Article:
The Occupational Health and Safety Administration has released an online tool to help workers who may have been exposed to cadmium as a result of their employment. According to the Agency for Toxic Substance and Disease Registry, approximately 300,000 workers are exposed to cadmium each year throughout the United States.
Cadmium is a soft, silver white metal that is commonly used in industries such as ceramics, plastics, metal machining, painting and welding. Cadmium is also frequently used in construction-related industries; however, the standard for construction industry workers is different than for workers in other industries. As a result, the online tool is not intended to be used by those who work in the construction industry.
Cadmium exposure can result in serious, long-term health problems. Short-term exposure can cause fever, chills, weakness, headache, muscle pain, and sweating. Cadmium poisoning from long-term exposure can cause kidney damage as well as cancer of the prostrate and lung. Chronic exposure may also lead to pulmonary emphysema and bone disease.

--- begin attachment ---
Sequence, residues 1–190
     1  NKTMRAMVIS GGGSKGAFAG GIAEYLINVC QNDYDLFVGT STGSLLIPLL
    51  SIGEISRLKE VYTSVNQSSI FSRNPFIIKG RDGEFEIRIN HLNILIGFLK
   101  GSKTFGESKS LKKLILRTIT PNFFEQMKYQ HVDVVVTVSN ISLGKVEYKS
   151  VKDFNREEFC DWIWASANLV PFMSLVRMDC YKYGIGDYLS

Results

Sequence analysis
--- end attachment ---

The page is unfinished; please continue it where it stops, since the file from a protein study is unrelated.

Although OSHA’s online tool is primarily intended to be used by medical professionals, it can also be used by workers to help determine if they have been exposed to cadmium in the workplace and is so, whether the exposure could be the cause of any cadmium poisoning symptoms they are experiencing.
Massachusetts Workers’ Compensation and Toxic Work Environments
The latest OSHA release demonstrates that not all work-related injuries are the result of accidents. In fact, many compensable injuries and illnesses are the result of long-term exposure to a toxic work environment. Often, workers are not even aware that they are being exposed to toxic chemicals or hazardous materials at their workplace. Over time, exposure to a toxic work environment can lead to serious, even fatal, illness or disease.
The Massachusetts Workers’ Compensation system provides benefits to workers who are injured or become ill as a direct result of their employment. This can include an illness that results from exposure to a toxic substance such as cadmium, asbestos, paint, solvents or numerous other workplace hazards. Because these substances often build up in a worker’s system over time, a worker may not exhibit symptoms until months, even years, after the initial exposure. This can make it more difficult to get a workers’ compensation claim approved; however, it does not mean that your claim is not valid.
If you are concerned that exposure to a toxic work environment has made you sick, you could be entitled to workers’ compensation benefits under the laws of the State of Massachusetts. An experienced Massachusetts workplace illness and injury attorney can review the unique facts and circumstances of your case and determine whether you have a valid claim.